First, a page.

terribly alone

Pearl Spencer 2Sometimes, it seems, people are dealt a very sad hand in life. Such was the case for my 1st cousin once removed, Pearl Ethyl Spencer. She was the daughter on my Great Uncle Clifford Herbert Spencer and his wife at the time, Annie Mae Jordan. As sometimes happens in marriage, Clifford and Annie divorced when Pearl was just a baby, and he moved to Rushville, Nebraska, where he would remarry, to a woman named Hanna (who went by Anna, making the records somewhat confusing), have 3 more children, and live out the rest of his life. To my knowledge he either saw very little of, or nothing more of, his daughter Pearl. Then, when Pearl was still very young, her mother, Annie passed away, leaving Pearl a virtual orphan. My Great Aunt Bertha always said, “Poor Pearl, she was so terribly alone!” Pearl must have had some contact with her grandparents, my Great Grandpa William MPearl Spencer 1alrose Spencer I and Grandma Viola Fuller Spencer, because Aunt Bertha Spencer Hummer knew enough about her to say that her childhood was very lonely.

Pearl grew up and married Claude Lawrence Coleman, and together they had six children, before he too would leave her around 1941. I’m sure that by this time, her children were a blessing to her, and she was no longer as lonely, but Claude’s decision to leave the family must have struck quite a blow to poor Pearl. It was about this time that Pearl and her children came to live with my Grandma, Anna Schumacher Spencer, who was her great aunt. The two families became as one, living and working together during those hard times following divorce and during World War II. They were really a big help to my grandmother, since my dad was serving in the Army Air Forces in England, My Aunt Laura was married and on her own, and Uncle Bill lived in Superior, but worked in the shipyards. Aunt Ruth was still living at home, and prior to this time, they ran the farm together, but it was hard work, and I’m sure the extra help was Claude Colemanvery nice.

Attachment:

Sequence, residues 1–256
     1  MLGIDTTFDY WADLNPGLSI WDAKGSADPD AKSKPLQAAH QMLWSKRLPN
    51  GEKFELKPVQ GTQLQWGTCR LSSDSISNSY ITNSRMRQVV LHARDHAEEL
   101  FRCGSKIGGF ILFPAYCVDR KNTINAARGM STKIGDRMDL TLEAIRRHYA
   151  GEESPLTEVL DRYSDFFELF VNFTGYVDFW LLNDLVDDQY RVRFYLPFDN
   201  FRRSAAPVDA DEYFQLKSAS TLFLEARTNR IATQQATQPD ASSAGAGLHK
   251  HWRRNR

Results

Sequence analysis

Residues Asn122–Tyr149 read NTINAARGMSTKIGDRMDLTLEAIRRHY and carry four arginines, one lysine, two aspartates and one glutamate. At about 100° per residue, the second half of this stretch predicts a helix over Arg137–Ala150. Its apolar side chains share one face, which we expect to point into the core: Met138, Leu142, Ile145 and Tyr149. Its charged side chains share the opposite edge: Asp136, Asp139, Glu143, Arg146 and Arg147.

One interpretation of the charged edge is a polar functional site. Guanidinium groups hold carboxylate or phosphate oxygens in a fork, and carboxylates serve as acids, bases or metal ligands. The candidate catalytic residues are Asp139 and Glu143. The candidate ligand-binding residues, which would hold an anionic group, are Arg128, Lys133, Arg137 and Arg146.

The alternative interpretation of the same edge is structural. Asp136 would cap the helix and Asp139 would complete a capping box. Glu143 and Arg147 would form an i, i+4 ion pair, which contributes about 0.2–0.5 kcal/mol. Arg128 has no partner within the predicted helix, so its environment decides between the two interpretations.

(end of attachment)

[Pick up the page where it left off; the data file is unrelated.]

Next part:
Pearl’s son Claude was a hard working boy, who worked side by side with my grandmother on the farm, and his sisters helped out where needed too. Pearl’s life took many sad and difficult turns, but she raised very nice children. In later years, my Uncle Bill lost touch with Pearl, and to my knowledge never saw her again, but he reconnected with Claude in the late 1990’s, and in 2000, he sent him copies of the only pictures he had of his mother, Pearl. While the letter telling of Pearls history is a sad one, I’m sure that Claude was very pleased to get the two pictures of his mom.

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